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Notre-Dame de Paris [The Hunchback of Notre Dame] (1831)

by Victor Hugo

Plot: It is 6 January 1492, Paris: the populace is looking forward to the Feast of Fools. The individual who can pull the ugliest face will be King for the day. The crowd elect Quasimodo, hunchback and bell-ringer of Notre Dame. Quasimodo was abandoned and adopted by Frollo, a priest and alchemist afflicted by sexual repression. The Hunchback is delighted by the acclaim; Frollo is furious and Quasimodo is placed in the stocks. Esmerelda, a sultry gypsy dancer, shows pity. Unbeknown to Esmerelda, Frollo fancies her. She, in turn, fancies Phoebus, a captain of the guards. Quasimodo is caught between his loyalty to Frollo and his love for Esmerelda. Frollo witnesses Phoebus making love to Esmerelda. Frollo intervenes, stabs Phoebus, and leaves him for dead. Esmerelda is convicted of the crime and sentenced to death. Quasimodo rescues her and she gains sanctuary in Notre Dame. Her friends try to rescue her, Quasimodo misunderstands and pours boiling oil over them. Esmerelda is hanged. Phoebus recovers and finds another girl. Quasimodo disappears, having pushed Frollo off the bell-tower. Years later the Hunchback's skeleton is found clinging to Esmerelda's bones.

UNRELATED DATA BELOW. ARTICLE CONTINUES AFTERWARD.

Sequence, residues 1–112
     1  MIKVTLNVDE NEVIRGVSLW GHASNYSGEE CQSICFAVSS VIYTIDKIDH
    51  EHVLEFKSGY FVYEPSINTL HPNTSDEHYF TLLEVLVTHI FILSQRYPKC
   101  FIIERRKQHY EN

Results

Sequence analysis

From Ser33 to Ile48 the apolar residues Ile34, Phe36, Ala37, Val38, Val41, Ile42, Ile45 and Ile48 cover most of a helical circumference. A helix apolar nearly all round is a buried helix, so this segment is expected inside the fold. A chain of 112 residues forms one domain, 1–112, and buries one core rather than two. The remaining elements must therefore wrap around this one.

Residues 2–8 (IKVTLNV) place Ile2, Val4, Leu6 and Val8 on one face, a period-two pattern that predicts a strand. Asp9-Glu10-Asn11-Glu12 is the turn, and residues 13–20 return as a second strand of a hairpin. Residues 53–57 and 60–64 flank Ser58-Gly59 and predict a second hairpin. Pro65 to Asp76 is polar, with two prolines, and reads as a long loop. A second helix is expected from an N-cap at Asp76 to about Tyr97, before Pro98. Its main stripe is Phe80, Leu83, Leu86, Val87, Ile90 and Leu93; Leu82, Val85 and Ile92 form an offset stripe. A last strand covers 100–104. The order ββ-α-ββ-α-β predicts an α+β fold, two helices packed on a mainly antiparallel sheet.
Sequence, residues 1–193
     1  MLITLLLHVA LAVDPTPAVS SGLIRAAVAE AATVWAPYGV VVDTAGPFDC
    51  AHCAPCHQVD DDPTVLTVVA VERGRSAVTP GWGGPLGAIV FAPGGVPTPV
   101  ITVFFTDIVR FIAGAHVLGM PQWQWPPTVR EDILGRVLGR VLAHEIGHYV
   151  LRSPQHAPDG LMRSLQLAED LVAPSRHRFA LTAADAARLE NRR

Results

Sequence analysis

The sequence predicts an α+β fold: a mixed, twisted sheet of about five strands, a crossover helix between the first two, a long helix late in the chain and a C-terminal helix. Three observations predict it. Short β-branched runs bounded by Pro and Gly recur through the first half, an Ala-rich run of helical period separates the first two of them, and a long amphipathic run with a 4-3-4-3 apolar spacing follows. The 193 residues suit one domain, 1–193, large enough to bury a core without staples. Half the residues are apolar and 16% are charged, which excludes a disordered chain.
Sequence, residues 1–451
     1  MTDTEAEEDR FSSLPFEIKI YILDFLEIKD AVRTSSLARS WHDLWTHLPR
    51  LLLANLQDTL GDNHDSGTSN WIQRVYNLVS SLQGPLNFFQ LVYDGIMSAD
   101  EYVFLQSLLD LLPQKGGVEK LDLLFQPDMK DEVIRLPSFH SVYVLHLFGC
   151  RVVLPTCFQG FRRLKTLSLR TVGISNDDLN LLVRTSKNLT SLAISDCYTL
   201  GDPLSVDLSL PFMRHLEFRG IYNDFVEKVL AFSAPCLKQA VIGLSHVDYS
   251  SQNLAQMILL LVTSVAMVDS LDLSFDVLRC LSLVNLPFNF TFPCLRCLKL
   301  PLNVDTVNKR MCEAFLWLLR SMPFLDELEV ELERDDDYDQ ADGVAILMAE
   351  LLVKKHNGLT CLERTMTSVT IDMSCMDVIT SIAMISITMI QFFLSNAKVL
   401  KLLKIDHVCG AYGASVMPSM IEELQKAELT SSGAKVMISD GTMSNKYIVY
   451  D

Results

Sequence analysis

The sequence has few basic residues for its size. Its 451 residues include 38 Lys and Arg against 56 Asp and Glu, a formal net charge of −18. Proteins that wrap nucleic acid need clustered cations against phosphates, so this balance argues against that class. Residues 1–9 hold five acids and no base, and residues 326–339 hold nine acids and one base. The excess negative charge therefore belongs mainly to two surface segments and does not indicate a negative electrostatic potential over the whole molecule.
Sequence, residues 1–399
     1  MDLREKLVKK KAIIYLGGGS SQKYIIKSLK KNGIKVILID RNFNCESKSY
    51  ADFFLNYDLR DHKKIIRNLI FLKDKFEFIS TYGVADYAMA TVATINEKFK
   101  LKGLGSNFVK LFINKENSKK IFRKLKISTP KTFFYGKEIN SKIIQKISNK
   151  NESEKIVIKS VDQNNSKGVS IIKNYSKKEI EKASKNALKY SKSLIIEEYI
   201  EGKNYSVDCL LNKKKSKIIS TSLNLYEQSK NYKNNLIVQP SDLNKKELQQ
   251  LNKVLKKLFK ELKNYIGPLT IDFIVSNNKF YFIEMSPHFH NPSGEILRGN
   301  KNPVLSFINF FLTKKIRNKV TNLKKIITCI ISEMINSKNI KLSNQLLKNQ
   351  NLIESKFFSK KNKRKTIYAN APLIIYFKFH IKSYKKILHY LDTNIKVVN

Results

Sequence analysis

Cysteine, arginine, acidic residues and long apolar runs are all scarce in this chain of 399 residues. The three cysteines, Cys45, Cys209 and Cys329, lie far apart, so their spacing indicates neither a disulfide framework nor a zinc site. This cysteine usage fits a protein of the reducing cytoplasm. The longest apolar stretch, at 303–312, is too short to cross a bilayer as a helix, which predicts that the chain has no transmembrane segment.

Theme: Although beauty is skin deep, human passion is aroused only by looks.

Style: Like highly coloured oil paint, inches thick.

Chief strengths: Hugo finds the creative act enormous fun. He is clearly having a ball. Like Shakespeare, he can mingle tragedy with blackest farce.

Chief weakness: Hugo's fascination for historical detail can be boring, as can his frequent wish to squeeze the tear ducts.

What they thought of it then: Goethe was sniffy but Lamartine thought it surpassed Scott. It sold well, especially in England, where the reading public responded with enthusiasm.

What we think of it now: Hugo is unread. Despite passing into popular culture (via Disney and the RSC) he remains overshadowed by twin contemporary giants Balzac and Stendhal.

Responsible for: Charles Laughton's impersonation of Quasimodo which gains its power from Laughton's own neuroses about his appearance. And the Disney version with a singing Hunchback and a disturbingly sexy Esmerelda.